GM POWERTRAIN UNIT WOMEN'S COMMITTEE w/MEN

GM Powertrain Unit Women’s Committee

W/Men

The GM Powertrain Unit Women’s Committee with Men works hard to raise awareness about important issues in and around our local communities.  Fund raisers, clothing drives & children’s’ activities Are just a short list of events that this committee can get involved in.  If you have a creative or exciting idea for this committee, don’t be shy, speak up!

Lenette Holden, GM Powertrain Unit Women’s Committee President. I’m honored to be the newly elected 2021 GM Powertrain Unit Women's Committee President. Thanks to all for your support. Let’s do this!! Get involved & active!

Please contact the union office at (419) 473-2854 to become involved with this UAW committee! [email protected] for Lenette

Members are:

Diane Benton, Larry Hicks, Annie Ford, Deneen Dillard, Angela Jones, Rhoni Clark, Sherri Thornton, Quincy Hogan, Paul Nowlin, Monti McClay, Christina Badge, Janine Calhoun, Robin Marr.

“National Women’s History Month” could not be complete without acknowledging our local women.   The Powertrain Women’s Committee with Men help to serve the needs of international’s female workers as well as assist with many local charities. The Committee’s mission is to educate, address women’s issues and concerns in the work place, build self-esteem, provide leadership, and build solidarity among members.

Established by the UAW in the early 1940’s, the committee was formed to incorporate the burgeoning female work force into the union. The Women’s Bureau was charged with recommending programs to protect women workers’ job rights and eliminate sexual discrimination. In 1955 the bureau became the UAW Women’s Department. The major focus at that time was to educate the UAW membership about women’s issues and concerns. In 1975 the Women’s Dept. started sponsoring annual, one-week International Women’s Conferences to develop leadership skills, union awareness, and political action among the members chosen by their Regional Director. Starting in December 1998, the current 402 Women’s Committee has continued the mission started by their predecessors. They serve the local community by raising money to help local food banks, Christmas charities, and shelters.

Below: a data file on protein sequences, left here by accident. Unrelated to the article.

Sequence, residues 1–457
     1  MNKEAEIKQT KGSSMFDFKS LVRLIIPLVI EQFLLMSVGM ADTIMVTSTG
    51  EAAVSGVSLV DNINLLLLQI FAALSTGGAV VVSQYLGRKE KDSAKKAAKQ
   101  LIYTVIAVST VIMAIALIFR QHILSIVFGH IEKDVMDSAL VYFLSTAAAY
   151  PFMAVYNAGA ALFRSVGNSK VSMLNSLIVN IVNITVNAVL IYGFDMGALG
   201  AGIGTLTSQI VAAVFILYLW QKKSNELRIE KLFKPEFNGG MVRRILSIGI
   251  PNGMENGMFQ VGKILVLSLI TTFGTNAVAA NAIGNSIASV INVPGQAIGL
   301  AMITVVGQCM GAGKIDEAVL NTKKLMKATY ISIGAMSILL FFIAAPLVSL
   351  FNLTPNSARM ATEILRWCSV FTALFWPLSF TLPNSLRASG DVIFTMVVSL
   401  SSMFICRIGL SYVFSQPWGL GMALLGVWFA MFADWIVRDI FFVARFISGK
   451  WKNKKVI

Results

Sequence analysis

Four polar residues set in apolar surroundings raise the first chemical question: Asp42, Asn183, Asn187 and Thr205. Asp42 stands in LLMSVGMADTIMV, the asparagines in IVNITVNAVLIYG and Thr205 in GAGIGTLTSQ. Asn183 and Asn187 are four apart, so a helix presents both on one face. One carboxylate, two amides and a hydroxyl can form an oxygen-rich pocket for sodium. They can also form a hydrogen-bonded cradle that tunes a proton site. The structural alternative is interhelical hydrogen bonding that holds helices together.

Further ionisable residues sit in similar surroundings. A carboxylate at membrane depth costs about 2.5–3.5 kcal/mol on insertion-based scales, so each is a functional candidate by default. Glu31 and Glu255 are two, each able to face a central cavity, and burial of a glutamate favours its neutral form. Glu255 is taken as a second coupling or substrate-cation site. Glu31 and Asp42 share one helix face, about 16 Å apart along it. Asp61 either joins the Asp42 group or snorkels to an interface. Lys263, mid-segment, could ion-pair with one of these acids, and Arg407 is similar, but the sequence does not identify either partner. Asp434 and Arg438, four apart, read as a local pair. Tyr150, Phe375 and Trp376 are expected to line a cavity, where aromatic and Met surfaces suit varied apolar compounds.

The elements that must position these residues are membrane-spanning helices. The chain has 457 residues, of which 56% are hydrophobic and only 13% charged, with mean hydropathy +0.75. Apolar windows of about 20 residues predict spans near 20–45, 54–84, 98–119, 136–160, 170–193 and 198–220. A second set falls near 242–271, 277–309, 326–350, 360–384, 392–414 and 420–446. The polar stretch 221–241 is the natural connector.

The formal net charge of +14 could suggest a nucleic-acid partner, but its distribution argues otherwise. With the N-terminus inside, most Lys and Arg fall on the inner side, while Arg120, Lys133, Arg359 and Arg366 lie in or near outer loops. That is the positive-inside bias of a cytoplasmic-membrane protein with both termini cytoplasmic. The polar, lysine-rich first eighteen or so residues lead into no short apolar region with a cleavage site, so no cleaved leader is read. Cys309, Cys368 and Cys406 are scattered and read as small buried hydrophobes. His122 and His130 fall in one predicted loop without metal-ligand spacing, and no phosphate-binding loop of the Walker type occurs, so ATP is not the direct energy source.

Established by the UAW in the early 1940’s, the committee was formed to incorporate the burgeoning female work force into the union. The Women’s Bureau was charged with recommending programs to protect women workers’ job rights and eliminate sexual discrimination. In 1955 the bureau became the UAW Women’s Department. The major focus at that time was to educate the UAW membership about women’s issues and concerns. In 1975 the Women’s Dept. started sponsoring annual, one-week International Women’s Conferences to develop leadership skills, union awareness, and political action among the members chosen by their Regional Director. Starting in December 1998, the current 402 Women’s Committee has continued the mission started by their predecessors. They serve the local community by raising money to help local food banks, Christmas charities, and shelters.

The first Sunday in August is National Sisters Day, and your opportunity to show your appreciation for that unique bond only sisters can understand. What better way to celebrate than joining with your fellow union sisters in the Coalition of Labor Union Women (CLUW). https://www.cluw.org

On March 24, 1974, over 3,000 determined labor union women and supportive feminists from across the United States convened in Chicago to create the Coalition of Labor Union Women (CLUW). The UAW was a founding supporter of CLUW, which elected then-UAW Vice President Olga Madar as its first president.

CLUW’s first convention established four goals that would guide its work to improve and empower working women which are to promote workplace affirmative action, strengthen the role of women in unions, organize women in the workplace, & increase women’s roles and influence in political and legislative processes.